HB 3729 Would Deter Abusers From Ever Owning Another Animal

Possession bans are one of the most effective ways to keep abusers from reoffending.

Our current laws do not adequately protect animals from people with a history of abuse and allow them to have access to potential new victims that they simply never should. Along with psychological evaluation and treatment, these sentencing measures can ensure that the root of the issue is addressed, reducing the likelihood of recidivism. 

On Monday, we stayed up late testifying in support of HB 3729 by Representative Matt Shaheen, which would create a criminal offense for any person in possession of an animal who has been previously convicted of animal cruelty.This legislation can be truly life-changing for thousands of innocent Texas animals.

Repeated abuse costs Texas animals and Texas taxpayers.

In addition to the impact animal violence has on families and communities, large scale cruelty cases involving dozens to hundreds of animals are a preventable, recurring drain on local resources. It can cost thousands of dollars for taxpayer-funded shelters to seize and care for these victims. Even worse, large scale hoarding and cruelty offenders have a high level of offender frequency, continually abusing animals and draining resources in their community.

Remember Candy.

If HB 3729 is passed, this law should be named Candy's Law, named after a loving dog who was brutally beaten and drowned by her owner, Robert Prichard, in 2013. The jury did Candy justice by giving Prichard a “groundbreaking sentence” of two to ten years in prison with no opportunity for parole. Unfortunately, many people like Prichard do not face such charges, and in either case, current law still does not deter these previous offenders from offending again.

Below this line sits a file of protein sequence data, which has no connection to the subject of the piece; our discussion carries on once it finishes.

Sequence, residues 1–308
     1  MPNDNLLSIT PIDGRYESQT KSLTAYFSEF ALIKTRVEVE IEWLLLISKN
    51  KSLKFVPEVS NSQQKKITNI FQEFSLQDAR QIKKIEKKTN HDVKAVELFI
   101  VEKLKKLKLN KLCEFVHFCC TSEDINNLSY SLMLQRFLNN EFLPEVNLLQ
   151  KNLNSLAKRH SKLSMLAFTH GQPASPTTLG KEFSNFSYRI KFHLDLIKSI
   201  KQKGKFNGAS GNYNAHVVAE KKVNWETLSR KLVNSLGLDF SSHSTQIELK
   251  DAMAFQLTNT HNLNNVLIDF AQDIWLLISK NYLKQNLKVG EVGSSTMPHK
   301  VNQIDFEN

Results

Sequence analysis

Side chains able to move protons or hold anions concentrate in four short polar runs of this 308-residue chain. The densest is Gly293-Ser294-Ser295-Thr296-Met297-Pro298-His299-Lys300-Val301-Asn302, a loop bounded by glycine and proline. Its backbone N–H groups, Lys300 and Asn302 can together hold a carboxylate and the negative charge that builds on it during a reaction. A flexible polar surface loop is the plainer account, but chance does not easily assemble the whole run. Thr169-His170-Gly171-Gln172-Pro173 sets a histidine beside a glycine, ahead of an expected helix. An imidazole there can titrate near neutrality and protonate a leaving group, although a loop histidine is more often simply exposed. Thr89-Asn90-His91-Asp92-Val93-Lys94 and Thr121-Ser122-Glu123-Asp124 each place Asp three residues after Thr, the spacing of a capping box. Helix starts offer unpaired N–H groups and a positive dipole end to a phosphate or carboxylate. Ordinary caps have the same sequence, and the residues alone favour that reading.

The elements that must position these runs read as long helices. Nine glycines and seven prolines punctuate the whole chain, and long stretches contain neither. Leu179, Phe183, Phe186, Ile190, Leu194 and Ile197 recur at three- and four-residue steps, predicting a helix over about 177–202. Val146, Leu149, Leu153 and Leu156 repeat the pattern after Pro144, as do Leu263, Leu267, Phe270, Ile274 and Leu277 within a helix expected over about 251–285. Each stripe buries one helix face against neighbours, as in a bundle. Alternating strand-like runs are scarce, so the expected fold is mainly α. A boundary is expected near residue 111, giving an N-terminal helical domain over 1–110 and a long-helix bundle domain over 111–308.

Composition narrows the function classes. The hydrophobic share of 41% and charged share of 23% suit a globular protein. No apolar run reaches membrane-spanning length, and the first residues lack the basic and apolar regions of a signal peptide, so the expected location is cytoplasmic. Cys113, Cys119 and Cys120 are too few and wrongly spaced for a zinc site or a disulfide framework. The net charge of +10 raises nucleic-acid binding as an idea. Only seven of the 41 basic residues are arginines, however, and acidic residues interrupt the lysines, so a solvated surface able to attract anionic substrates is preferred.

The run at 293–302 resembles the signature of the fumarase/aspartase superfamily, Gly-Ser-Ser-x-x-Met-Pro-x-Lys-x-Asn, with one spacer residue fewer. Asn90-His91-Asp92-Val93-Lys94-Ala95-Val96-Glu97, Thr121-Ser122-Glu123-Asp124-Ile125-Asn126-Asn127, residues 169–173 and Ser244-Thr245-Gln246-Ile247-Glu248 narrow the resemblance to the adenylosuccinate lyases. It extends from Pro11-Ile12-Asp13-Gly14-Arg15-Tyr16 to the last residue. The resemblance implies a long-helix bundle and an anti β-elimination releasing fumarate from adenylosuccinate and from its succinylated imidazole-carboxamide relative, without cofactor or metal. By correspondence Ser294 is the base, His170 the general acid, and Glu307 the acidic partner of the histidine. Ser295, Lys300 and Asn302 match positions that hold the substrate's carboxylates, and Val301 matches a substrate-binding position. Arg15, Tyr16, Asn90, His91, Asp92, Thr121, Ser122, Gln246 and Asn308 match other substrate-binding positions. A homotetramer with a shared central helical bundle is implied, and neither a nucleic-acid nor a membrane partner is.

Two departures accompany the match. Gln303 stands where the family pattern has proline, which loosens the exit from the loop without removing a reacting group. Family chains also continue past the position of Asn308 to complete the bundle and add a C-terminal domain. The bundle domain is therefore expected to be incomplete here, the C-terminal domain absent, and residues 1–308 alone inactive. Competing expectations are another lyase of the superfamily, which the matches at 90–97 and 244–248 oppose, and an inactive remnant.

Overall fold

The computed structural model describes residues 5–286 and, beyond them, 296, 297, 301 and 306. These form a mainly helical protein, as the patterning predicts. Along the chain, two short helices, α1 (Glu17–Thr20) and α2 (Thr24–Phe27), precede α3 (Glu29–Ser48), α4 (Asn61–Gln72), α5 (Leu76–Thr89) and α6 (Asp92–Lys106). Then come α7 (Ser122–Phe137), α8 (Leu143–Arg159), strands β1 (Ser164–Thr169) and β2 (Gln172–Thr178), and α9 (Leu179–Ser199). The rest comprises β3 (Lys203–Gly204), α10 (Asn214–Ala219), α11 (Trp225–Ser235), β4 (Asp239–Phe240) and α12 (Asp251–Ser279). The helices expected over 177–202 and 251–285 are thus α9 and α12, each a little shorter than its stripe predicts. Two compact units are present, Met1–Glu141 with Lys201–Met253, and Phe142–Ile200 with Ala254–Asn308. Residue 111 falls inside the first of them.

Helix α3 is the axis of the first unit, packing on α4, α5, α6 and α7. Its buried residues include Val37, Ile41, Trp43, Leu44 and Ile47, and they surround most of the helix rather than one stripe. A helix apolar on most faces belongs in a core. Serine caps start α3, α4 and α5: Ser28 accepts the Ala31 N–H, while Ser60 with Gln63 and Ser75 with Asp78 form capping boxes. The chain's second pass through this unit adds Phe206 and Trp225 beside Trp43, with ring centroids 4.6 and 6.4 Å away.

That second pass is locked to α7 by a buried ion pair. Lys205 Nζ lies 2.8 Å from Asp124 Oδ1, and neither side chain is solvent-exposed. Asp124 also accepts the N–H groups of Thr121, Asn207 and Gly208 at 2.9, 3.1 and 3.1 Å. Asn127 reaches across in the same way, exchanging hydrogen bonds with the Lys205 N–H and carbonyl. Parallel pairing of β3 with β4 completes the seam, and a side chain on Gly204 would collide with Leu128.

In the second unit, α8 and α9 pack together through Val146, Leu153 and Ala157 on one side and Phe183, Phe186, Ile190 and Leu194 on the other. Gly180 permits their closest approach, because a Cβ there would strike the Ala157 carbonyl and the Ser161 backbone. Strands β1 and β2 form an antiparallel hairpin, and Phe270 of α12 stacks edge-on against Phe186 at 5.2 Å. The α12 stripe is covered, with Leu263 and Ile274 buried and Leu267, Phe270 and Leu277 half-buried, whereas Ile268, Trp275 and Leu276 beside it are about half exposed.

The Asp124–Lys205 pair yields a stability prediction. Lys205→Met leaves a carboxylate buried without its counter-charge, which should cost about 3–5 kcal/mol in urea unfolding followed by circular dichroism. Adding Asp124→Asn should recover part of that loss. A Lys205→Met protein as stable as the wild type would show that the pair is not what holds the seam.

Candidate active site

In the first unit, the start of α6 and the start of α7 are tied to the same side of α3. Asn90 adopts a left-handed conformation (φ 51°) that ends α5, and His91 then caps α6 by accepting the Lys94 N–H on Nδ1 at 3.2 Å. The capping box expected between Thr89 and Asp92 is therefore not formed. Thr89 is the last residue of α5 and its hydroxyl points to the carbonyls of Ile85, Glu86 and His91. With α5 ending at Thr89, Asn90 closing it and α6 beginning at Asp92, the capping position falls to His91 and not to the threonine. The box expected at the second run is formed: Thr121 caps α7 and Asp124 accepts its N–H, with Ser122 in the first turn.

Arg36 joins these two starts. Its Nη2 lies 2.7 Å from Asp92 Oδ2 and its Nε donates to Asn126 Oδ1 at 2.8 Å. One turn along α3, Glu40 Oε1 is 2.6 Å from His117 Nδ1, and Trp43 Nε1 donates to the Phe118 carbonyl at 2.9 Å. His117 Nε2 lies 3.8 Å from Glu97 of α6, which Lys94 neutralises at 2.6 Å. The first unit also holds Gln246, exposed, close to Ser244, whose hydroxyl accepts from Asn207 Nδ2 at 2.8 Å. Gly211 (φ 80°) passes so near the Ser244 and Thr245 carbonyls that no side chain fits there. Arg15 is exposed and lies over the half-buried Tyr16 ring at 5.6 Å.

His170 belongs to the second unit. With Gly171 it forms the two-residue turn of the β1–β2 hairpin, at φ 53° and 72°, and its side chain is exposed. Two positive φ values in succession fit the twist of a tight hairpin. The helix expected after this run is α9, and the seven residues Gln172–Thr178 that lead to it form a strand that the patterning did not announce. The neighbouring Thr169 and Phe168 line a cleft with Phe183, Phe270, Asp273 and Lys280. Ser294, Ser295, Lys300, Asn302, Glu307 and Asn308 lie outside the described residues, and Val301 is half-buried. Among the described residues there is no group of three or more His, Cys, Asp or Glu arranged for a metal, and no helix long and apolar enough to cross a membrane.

Animal abusers should never own another animal. Period.

It should go without saying, but convicted animal abusers demonstrate through their actions that they are not fit to possess an animal. These crimes are serious and are frequently connected to violence in the family or depraved acts. In the case of Candy’s murder, the jury learned from family testimony that Robert Prichard also committed violence against his own family.

We must formally recognize the seriousness of animal cruelty to stop the cycle of abuse. Help us protect our cherished companions from those who may abuse them. Look up and ask your legislator to support HB 3729 now.

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